By: Nikki Nies
Saturated fatty acids, such as animal fat,are commonly deemed to be limited in one’s diet along with trans fats. However, unsaturated fatty acids should be incorporated into people’s every day diet. It’s recommended approximately 30% of one’s daily intake derive from healthier fats, with total calories from saturated fat limited to 10% of diet.
Unsaturated fatty acids derive from vegetables and plants while saturated fats are man made (i.e. butter). Unsaturated fatty acids are liquid at room temperature.
With a moderate intake of monounsaturated fats, it can increase one’s long term health, help prevent an increase in blood triglycerides, reduce LDL cholesterol levels and be good for blood fat control.
Polyunsaturated fatty acids (PUFA) can be broken down until 2 separate categories, omega 3 and omega 6. Omega 3 fatty acids are needed for growth, healthy skin and metabolism and may help protect against heart disease. Omega 6 fatty acids provide an essential fatty acid that we need, but our bodies don’t make. PUFAs have been seen to have lower LDL cholesterol, but with too much can also reduce one’s HDL cholesterol (considered the good fat).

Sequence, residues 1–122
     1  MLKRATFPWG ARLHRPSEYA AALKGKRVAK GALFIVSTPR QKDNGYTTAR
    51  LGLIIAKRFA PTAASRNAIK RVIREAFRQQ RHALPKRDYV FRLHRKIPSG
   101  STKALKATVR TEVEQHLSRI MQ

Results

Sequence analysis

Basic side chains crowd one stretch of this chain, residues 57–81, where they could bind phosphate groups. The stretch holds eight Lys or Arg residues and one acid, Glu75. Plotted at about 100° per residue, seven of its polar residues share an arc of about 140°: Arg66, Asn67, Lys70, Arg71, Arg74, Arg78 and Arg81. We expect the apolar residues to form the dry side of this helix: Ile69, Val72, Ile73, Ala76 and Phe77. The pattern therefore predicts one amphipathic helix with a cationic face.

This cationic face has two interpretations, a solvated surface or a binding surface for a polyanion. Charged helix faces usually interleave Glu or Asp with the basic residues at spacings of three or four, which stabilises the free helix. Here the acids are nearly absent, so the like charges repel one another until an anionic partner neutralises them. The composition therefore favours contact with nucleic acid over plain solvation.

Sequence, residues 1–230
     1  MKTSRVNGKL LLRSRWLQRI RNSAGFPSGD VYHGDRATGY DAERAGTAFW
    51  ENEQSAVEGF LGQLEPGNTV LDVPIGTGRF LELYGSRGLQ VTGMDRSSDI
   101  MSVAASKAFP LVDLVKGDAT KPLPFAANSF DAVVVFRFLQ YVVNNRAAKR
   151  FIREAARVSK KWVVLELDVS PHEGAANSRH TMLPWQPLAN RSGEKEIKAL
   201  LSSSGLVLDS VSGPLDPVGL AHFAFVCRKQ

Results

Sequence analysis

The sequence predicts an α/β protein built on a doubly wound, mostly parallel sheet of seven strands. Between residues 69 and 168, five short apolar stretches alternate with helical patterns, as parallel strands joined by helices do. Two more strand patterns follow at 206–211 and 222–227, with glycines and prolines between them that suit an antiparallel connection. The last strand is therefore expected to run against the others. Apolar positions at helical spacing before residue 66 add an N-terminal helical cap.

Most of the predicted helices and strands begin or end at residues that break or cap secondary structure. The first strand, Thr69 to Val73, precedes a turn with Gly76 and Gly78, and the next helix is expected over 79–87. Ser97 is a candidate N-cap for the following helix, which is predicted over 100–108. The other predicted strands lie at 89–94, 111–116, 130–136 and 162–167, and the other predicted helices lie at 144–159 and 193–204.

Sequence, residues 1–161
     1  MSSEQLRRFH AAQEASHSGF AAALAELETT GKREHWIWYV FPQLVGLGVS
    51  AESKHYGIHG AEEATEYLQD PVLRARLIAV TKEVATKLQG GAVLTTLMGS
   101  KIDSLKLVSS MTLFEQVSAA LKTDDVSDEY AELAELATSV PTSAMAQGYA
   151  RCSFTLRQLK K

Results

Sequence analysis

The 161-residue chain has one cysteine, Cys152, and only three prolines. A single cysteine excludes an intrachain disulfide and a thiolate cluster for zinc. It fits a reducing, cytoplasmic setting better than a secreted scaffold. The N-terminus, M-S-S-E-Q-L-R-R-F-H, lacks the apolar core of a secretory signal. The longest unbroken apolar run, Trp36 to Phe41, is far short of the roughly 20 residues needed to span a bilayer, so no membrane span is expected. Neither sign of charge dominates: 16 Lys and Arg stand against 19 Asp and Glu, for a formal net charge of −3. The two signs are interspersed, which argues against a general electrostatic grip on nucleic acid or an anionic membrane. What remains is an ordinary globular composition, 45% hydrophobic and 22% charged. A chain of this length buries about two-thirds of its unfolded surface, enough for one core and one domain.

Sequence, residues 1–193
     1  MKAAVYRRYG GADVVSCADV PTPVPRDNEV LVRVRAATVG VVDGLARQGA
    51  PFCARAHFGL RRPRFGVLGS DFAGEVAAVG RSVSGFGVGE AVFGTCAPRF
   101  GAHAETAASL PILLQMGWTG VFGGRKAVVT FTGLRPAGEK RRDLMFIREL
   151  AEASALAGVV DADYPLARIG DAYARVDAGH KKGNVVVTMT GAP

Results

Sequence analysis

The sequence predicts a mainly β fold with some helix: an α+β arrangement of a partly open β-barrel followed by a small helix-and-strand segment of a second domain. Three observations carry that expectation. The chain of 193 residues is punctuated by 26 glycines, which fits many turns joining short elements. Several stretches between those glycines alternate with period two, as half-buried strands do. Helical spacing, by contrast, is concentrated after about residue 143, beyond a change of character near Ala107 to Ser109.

Sources of unsaturated fatty acids include:
|Monounsaturated Fat Sources||Omega 6 Polyunsaturated Fat Sources||Omega 3 Polyunsaturated Fat Sources|
|Nuts||Soybean Oil||Soybean Oil|
|Vegetable oil||Corn Oil||Canola Oil|
|Canola Oil||Safflower Oil||Walnuts|
|High oleic safflower oil||Fish: trout, herring and salmon|
- Have an ounce of dry roasted nuts as a snack; can be included as a meat and bean source
- Substitute PUFAs and MUFAs for high calorie saturated fatty acids and trans fat
- Use liquid fats (i.e. oil) in cooking instead of solid fats (i.e. butter, margarine)
Fats are the most concentrated source of calories, at 9 kcal/gram compared to protein and carbohydrate counterparts. Remember quality fats, such as PUFAs and MUFAs trump quantity fats.